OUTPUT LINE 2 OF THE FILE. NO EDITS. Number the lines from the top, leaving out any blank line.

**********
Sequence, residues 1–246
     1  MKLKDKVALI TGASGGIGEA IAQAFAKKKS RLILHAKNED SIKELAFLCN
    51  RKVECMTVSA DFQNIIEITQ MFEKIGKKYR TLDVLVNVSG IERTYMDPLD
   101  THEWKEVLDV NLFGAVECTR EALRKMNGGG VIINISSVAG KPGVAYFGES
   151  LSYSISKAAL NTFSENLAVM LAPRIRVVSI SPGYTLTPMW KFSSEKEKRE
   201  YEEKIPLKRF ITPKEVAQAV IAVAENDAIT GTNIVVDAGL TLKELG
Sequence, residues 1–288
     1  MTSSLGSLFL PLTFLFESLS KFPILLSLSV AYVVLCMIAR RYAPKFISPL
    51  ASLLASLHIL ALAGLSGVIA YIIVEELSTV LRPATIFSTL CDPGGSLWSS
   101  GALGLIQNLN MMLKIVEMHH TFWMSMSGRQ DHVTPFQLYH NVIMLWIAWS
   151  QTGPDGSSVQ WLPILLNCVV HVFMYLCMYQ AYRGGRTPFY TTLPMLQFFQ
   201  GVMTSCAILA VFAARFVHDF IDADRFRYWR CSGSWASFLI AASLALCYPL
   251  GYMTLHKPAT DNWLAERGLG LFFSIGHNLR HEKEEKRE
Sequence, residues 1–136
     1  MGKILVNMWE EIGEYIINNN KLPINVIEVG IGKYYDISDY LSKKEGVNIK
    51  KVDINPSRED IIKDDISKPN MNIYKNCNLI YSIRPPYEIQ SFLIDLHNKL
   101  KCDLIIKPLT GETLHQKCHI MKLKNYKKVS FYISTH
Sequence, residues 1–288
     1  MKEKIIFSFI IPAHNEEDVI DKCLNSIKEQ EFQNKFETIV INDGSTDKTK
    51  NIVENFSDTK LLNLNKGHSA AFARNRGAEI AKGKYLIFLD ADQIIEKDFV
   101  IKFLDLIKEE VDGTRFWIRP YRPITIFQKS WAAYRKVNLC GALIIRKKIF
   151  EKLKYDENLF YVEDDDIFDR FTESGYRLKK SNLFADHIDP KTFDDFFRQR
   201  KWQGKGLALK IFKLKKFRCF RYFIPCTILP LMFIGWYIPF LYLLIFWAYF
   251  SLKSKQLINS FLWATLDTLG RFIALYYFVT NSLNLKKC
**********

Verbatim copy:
     1  MKLKDKVALI TGASGGIGEA IAQAFAKKKS RLILHAKNED SIKELAFLCN